The Sustainable Internal Combustion Engine Symposium discusses and debates the future of gasoline, diesel and alternative-fuel IC engines. This conference is about how the traditional automotive powertrain has a long future ahead of it when it is developed and advanced beyond its current brief and design constraints.
Expert speakers - each sourced by the publishers of Engine + Powertrain Technology International magazine - will present future concepts and technologies for the IC engine. Expect to meet senior engineers and futurists from the world’s car manufacturers as well as Tier 1 companies and international research institutes. You’ll also hear about the IC possibilities from pioneering startups and market analysts. Furthermore, we’ve invited legislators and emission-standard key decision makers to join the debate in our all-attendees-welcome panel discussions.
Held alongside is Automotive Testing Expo Europe, with over 480+ exhibitors showcasing the very latest engine and powertrain durability, performance, and emissions testing technologies and services. Furthermore, the conference takes place above Global Automotive Components and Suppliers Expo. Discover new manufacturing partners and suppliers! Your conference delegate pass gains you free entry to Automotive Testing Expo Europe and Global Automotive Components and Suppliers Expo as well as to all the co-located events (see base of page for details of the other neighboring automotive events).
senior lecturer, division of combustion engines
Synopsis: As we are facing CO2 regulations in the heavy truck industry, among other stringent legislation, future fuels and combustion processes are all under investigation. This work investigates the possibilities with natural gas as the main fuel, and eventually biogas (among other fuels). How do we burn it most efficiently? To answer this question we need advanced engine diagnostics and full engine testing as well as simulation tools.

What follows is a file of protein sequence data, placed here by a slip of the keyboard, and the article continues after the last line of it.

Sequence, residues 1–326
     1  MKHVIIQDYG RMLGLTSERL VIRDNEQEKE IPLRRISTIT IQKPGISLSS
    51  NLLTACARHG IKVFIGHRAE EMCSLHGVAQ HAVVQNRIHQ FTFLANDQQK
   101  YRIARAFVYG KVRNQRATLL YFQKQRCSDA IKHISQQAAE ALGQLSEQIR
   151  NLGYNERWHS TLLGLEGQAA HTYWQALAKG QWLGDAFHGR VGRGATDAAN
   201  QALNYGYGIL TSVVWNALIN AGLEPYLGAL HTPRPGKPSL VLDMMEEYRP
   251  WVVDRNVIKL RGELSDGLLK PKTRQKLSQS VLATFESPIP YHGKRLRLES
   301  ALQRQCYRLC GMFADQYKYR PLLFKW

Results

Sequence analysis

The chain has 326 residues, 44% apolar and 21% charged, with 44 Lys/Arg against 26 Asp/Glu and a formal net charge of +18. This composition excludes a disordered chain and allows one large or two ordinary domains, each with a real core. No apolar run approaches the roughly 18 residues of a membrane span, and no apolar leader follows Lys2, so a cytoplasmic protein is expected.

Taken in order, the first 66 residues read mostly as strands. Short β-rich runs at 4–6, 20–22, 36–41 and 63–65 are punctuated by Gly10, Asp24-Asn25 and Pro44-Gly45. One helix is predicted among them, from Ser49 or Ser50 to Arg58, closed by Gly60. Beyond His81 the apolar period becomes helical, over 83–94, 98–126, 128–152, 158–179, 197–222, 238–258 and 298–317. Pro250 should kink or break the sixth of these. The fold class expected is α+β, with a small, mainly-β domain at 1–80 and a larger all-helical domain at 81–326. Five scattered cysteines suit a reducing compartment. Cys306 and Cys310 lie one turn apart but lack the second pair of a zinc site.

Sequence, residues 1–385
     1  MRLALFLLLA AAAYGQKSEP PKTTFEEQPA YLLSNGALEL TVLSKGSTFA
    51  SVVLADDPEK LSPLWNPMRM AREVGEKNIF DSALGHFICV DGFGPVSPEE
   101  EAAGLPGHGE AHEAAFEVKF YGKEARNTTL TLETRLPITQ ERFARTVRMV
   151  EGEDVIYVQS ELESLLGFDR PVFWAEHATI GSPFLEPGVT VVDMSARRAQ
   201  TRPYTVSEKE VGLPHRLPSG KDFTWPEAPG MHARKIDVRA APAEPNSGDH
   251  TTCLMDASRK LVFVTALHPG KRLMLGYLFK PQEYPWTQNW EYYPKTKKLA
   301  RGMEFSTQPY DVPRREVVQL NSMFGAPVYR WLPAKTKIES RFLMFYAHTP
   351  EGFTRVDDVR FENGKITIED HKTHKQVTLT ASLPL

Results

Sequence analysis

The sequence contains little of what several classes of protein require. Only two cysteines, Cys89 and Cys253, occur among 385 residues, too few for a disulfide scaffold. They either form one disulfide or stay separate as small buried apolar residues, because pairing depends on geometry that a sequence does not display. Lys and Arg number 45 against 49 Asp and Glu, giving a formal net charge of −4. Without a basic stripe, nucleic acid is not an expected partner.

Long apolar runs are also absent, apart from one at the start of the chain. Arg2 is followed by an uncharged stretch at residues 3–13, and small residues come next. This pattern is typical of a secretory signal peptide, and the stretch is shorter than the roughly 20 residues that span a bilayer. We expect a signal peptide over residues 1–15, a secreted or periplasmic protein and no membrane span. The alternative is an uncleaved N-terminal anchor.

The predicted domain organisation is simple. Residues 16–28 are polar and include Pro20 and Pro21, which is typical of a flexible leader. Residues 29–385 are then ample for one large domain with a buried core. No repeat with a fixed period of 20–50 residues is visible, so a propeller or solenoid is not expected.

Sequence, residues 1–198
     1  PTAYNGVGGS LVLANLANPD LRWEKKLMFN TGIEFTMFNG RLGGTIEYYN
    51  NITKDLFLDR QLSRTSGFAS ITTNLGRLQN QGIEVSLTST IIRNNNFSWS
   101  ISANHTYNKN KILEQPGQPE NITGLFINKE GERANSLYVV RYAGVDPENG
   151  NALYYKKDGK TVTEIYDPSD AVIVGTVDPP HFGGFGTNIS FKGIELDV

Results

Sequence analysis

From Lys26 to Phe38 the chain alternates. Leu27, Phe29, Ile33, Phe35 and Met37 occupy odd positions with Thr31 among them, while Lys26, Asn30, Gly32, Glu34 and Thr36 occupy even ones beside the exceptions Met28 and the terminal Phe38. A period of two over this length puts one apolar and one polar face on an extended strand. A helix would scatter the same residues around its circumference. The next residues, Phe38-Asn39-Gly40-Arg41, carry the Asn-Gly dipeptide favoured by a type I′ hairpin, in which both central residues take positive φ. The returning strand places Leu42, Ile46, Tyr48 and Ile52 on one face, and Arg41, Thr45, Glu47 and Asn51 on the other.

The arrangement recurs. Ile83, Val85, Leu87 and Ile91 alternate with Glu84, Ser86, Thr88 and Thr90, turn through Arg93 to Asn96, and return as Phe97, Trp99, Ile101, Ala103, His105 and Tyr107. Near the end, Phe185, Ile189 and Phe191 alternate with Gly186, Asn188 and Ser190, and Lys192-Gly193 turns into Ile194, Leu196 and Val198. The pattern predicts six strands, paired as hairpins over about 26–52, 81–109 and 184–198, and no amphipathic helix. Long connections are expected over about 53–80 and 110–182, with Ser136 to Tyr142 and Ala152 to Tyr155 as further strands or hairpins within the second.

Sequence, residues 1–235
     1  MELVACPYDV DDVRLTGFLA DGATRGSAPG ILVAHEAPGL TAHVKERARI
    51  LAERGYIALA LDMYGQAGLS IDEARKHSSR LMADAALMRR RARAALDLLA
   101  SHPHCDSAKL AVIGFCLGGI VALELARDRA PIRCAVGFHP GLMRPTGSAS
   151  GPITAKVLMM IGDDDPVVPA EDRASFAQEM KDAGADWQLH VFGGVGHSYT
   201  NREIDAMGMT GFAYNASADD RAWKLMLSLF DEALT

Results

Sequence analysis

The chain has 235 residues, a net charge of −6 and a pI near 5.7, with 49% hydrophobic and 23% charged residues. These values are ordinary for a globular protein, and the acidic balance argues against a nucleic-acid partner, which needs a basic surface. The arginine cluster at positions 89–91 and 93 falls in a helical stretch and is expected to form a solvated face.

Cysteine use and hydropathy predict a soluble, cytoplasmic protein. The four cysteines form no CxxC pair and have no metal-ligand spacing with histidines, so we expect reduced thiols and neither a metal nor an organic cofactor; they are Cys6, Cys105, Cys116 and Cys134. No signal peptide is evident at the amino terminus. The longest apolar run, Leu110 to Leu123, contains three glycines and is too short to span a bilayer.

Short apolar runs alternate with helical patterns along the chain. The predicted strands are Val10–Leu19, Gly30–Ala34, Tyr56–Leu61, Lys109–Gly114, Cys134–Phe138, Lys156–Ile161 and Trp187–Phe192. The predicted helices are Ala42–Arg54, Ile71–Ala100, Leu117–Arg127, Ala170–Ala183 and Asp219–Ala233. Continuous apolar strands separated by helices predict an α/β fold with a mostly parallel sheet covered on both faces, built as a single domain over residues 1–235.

Southwest Research Institute
Synopsis: This presentation discusses some of the challenges of battery electric vehicles today and why they should not be called ‘zero emissions’. The talk also discusses how scaling batteries for larger applications such as trucks, ships and planes has many challenges. There will also be discussion of the flaws in industry measurements of CO2, and why lifecycle analysis is critical. Finally, the presentation will examine the role that electrification can have in unlocking further potential in the ICE. The summary is that the ICE will be around for a long time – it will adapt, evolve and survive.
Horiba MIRA Ltd
Synopsis: To ensure complete RDE compliance, a frontloading approach to vehicle and powertrain development will be adopted by OEMs. Therefore, a road-to-rig (R2R) program called RDE+ has been developed by Horiba to allow OEMs to explore all permutations of the RDE moderate and extended boundary conditions. Utilizing road, chassis dyno, EiL and virtual tools, OEMs can deploy real-world scenarios with full environmental emulation in the conceptual stage of a vehicle and powertrain program. This reduces the number prototype vehicles and climatic tests required to ensure complete RDE compliance, as well as mitigating increased costs and timescales.
Synopsis: Electrification offers some strong advantages for many transport applications in reducing CO2 and localized polluting emissions, but falls a long way short of fulfilling all of society's requirements for social and business mobility. This presentation takes an independent, pragmatic approach to what is really required to achieve the targets laid out in the 2015 Paris Agreement, and looks at what can be achieved with technology as we know it to reduce greenhouse gas concentrations in the Earth's atmosphere and improve local air quality issues.